Nuclear Deterrence Is Our Future

The US just agreed to share its nuclear technology with India, the world’s largest democracy. That’s sensible – the failure to stop the dictatorships in North Korea, Pakistan and Iran from building nukes means we must now rely on nuclear deterrence to maintain our freedoms.

President Bush yesterday signed a bill establishing civilian nuclear ties with India, a dramatic break in three decades of U.S. nonproliferation policy but a step that the Bush administration said will closer bind both nations and redraw the balance of power in Asia.

“After 30 years outside the system, India will now operate its civilian nuclear energy program under internationally accepted guidelines — and the world is going to be safer as a result,” Mr. Bush said, signing legislation that could allow U.S. nuclear technology to be shared with India for nonmilitary purposes…

Opponents, though, said the agreement marks a retreat in the United States’ stated goal of containing nuclear proliferation. Rep. Edward J. Markey, Massachusetts Democrat, called it “an historic mistake.”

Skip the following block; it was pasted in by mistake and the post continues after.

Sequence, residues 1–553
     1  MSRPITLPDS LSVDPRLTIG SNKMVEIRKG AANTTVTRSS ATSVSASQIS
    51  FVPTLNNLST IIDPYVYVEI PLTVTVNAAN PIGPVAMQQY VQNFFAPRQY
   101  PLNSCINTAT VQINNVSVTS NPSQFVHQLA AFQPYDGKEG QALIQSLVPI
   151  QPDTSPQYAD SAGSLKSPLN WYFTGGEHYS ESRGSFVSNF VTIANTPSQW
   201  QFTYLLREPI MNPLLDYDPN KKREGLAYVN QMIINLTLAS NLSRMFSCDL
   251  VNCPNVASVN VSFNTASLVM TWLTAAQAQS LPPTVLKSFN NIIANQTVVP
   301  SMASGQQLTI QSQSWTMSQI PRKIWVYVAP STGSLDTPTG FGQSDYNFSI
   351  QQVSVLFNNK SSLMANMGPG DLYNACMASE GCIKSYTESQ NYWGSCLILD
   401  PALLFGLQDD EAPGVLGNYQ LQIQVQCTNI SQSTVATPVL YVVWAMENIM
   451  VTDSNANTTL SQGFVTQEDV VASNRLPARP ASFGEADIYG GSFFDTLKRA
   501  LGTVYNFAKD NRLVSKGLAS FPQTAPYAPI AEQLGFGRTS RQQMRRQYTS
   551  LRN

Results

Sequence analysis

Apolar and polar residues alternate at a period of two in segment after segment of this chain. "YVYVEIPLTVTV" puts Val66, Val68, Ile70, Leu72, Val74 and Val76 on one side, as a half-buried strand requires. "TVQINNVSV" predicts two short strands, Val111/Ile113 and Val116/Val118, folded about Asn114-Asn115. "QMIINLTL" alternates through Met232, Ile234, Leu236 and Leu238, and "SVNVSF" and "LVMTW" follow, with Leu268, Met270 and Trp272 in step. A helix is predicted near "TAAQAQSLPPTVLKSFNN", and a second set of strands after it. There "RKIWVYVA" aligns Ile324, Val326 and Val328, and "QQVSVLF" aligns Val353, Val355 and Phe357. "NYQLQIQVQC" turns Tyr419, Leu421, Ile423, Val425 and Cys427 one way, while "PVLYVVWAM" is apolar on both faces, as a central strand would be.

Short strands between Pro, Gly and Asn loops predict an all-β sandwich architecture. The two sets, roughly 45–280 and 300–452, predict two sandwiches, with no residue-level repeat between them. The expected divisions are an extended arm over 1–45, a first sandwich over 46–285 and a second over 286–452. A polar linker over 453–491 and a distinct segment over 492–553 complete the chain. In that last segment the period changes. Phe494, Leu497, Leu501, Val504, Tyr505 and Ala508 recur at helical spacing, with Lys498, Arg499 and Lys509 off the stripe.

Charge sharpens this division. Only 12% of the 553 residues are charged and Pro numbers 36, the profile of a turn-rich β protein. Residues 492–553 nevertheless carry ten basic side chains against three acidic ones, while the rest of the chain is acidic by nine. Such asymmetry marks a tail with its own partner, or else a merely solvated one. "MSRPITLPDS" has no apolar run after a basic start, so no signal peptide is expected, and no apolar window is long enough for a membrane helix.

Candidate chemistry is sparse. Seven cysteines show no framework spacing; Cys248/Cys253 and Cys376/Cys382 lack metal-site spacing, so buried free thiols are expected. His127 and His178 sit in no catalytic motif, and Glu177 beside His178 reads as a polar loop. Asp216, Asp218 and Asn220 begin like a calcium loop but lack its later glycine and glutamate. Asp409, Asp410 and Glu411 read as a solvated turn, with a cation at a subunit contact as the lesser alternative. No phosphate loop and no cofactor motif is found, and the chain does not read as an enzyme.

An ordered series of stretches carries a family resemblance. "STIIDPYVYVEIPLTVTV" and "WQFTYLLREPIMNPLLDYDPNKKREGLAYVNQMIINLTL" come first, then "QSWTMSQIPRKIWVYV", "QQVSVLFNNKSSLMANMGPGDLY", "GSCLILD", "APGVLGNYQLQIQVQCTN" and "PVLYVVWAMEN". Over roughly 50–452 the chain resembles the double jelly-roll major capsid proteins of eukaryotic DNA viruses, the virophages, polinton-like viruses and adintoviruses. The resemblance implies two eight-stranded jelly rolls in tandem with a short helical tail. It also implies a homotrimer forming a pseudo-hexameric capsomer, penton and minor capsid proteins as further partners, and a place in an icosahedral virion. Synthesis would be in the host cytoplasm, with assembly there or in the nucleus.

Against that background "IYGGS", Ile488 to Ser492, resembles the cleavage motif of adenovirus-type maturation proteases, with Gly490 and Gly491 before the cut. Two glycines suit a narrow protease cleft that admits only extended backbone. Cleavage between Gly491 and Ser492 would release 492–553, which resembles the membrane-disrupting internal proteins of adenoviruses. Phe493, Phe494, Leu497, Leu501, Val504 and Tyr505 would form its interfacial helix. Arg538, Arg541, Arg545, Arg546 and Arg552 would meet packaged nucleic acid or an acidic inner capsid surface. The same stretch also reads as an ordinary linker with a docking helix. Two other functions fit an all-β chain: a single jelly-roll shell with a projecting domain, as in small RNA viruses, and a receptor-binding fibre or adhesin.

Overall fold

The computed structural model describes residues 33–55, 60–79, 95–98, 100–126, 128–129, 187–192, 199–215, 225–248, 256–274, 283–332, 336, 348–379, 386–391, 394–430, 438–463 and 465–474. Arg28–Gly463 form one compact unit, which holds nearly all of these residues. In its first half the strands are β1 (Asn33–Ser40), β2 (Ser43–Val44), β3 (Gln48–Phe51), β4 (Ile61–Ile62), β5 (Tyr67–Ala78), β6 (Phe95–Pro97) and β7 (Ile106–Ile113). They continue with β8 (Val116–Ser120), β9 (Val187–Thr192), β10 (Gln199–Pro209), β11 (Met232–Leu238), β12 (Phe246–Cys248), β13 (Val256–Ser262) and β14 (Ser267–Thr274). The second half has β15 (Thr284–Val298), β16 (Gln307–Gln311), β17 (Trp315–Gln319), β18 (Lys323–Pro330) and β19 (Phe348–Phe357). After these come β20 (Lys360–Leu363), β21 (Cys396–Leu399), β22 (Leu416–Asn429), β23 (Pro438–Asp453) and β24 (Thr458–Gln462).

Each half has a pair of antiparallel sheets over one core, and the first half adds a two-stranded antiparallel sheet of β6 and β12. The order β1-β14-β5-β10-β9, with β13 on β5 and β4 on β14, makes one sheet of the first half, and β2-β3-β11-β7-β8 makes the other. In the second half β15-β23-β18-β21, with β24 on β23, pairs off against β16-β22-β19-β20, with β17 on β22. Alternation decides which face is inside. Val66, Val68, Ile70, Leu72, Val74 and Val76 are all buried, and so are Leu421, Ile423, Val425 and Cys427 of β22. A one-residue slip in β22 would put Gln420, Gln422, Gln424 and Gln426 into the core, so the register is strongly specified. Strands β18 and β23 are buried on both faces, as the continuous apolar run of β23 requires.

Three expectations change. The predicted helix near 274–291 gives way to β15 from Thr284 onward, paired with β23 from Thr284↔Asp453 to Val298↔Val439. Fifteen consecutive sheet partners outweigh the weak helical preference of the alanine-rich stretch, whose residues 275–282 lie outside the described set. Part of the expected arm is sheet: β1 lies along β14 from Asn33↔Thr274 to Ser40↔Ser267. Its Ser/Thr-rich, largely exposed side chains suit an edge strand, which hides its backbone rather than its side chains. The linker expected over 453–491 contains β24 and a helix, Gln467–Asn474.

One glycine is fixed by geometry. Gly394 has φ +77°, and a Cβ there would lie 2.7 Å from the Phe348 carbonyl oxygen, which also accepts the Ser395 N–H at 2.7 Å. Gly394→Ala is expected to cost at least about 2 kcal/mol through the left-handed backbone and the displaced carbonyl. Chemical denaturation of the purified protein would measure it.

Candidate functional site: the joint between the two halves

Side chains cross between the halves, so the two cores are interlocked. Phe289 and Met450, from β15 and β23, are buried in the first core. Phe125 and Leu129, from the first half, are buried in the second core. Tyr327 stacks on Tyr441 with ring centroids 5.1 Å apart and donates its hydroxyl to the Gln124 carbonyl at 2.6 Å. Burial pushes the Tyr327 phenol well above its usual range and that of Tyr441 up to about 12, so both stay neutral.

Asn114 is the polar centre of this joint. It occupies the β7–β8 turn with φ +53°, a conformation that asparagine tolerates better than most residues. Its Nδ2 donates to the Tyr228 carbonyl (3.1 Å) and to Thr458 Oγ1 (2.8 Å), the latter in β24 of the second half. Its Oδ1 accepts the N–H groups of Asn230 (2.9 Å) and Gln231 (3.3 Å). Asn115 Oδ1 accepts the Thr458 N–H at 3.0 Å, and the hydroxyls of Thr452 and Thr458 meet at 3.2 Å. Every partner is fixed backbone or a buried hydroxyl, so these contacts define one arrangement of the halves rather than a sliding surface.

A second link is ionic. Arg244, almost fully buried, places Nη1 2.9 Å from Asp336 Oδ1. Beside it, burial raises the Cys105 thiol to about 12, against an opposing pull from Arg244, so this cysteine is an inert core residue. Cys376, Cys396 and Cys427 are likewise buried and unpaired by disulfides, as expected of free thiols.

“It has shredded the nuclear Non-Proliferation Treaty; it has emboldened Iran’s nuclear-weapons program and has vastly increased India’s capacity to make nuclear weapons to 40 to 50 nuclear bombs per year from two to three nuclear bombs per year,” he said.

With the NPT already shredded, that leaves Mutually Assured Destruction (MAD), the doctrine that saw us through the Cold War.

This still works:

China only has twenty missiles that could reach the United States. These are liquid fueled, take hours to get ready for launch, and spend most of their time off-line. And even if these missiles were made ready, they could only threaten the Western United States.

Meanwhile, the United States has over 800 missiles that could reach China, and most of them are ready to fire 24/7. How many of those missiles are aimed at China is a well-kept secret, but China has about 200 nuclear warheads, while the U.S. has over 9,000.

Perhaps China realizes that the chances of the United States using, or even threatening to use, nuclear armed missiles against China are slim to none. In that case, why should China spend a lot of money trying to match the American arsenal.

The world’s democracies – including the UK – best assure their survival by following India’s example and increasing the quality and quantity of their nuclear weapons.


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